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For an immersed closed surface $f: \Sigma \rightarrow \mathbb R^3$ the Willmore functional is defined as $$ \cal W(f) = \int _{\Sigma} \frac{1}{4} |\vec H|^2 d \mu_g, $$ where $\vec H$ is the mean curvature vector in $\mathbb R^3$and $g$ is the induced metric.

If $\Sigma$ is closed we have the estimate $$ \cal W(f) \geq 4 \pi $$ with equality only for $f$ parametrizing a round sphere.

Recently, the Willmore conjecture was proved (the paper can be found on arxiv), which states that for closed surfaces $\Sigma$ of genus $g \geq 1$ this estimate can be improved: $$ \cal W(f) \geq 2 \pi^2 $$ with equality only for the Cilfford torus.

Are there any conjectures about the minimizers in the case of genus $g \geq 2$? And what happens if we consider surfaces immersed in some $\mathbb R^n$ instead of $\mathbb R ^3$?

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Can you give an explici citing of the archiv paper? –  drbobmeister Mar 23 '12 at 18:39
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It is the following paper by Marques and Neves: arXiv:1202.6036 –  Sebastian Mar 23 '12 at 18:52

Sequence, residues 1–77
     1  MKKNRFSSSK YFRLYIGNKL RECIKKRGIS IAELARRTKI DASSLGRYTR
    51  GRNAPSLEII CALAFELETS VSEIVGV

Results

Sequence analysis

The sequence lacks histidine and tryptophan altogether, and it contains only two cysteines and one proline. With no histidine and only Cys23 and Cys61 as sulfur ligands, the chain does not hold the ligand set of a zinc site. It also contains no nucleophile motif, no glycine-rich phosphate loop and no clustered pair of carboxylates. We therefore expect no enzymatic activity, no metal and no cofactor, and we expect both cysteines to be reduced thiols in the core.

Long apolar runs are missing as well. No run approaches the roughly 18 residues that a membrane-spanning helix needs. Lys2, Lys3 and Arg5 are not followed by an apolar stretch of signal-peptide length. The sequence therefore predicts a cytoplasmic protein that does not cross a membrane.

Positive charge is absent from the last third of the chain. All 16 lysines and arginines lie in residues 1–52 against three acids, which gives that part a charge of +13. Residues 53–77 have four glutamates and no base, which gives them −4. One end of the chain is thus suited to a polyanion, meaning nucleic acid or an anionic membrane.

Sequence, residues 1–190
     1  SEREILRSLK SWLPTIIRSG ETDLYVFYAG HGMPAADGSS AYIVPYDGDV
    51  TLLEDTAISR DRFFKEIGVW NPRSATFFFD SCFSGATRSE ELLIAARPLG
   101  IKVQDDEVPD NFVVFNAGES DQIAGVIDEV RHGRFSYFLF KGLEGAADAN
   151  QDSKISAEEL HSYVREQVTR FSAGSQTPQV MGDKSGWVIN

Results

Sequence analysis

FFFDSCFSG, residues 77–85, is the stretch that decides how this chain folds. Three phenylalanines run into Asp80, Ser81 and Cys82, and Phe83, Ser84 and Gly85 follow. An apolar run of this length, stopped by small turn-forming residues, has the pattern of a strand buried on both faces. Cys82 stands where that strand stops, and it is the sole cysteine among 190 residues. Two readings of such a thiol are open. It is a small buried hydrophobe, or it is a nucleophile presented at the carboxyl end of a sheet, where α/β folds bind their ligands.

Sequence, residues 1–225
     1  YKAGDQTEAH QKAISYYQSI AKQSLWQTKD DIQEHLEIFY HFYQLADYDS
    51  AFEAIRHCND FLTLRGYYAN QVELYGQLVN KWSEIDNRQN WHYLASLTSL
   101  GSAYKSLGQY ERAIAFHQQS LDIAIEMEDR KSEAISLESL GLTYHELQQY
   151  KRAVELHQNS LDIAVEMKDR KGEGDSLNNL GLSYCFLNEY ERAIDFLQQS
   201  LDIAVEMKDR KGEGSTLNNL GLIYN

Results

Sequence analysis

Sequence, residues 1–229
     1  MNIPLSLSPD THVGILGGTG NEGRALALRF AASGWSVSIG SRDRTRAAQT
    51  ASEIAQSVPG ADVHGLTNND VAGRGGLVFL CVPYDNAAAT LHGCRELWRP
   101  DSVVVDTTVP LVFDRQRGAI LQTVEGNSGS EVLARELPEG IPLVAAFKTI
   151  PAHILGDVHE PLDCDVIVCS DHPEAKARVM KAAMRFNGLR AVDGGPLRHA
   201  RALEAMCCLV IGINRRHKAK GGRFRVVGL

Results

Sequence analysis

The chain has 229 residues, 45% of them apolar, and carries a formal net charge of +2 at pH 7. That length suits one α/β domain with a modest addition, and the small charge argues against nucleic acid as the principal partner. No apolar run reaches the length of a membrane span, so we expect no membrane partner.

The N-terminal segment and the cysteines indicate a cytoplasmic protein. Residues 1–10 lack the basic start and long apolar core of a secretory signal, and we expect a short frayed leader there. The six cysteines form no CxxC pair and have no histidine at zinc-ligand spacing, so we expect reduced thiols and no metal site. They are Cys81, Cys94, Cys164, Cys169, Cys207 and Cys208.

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2 Answers 2

up vote 8 down vote accepted

First of all, by a result of Bauer and Kuwert, there exists a smooth minimizer of the Willmore functional in the class of compact surfaces with fixed genus g, for any g. They have Willmore functional below $8\pi$ and by a result of Kuwert, Li and Schaetzle, the Willmore functional of the minimzers for genus $g$ tends to $8\pi$ when $g$ goes to infinity. Not much more is known about higher genus surfaces, but there is a vague conjecture, that the minimzers are the so called Lawson surface $\xi_{g,1}.$

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The paper of Lawson where $\xi_{g,1}$ was introduced is here: jstor.org/stable/1970625 –  YangMills Mar 23 '12 at 21:53
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I remember there is a paper by Kusner named: comparison surfaces for the Willmore problem in which the author conjectured that the Lawson surface(see Sebastian's answer) minimizes the Willmore energy of genus g surface. For surfaces immersed in R^n, it is also conjectured the Clifford torus should be the minimizer, but it seems to me that this is still an open question.

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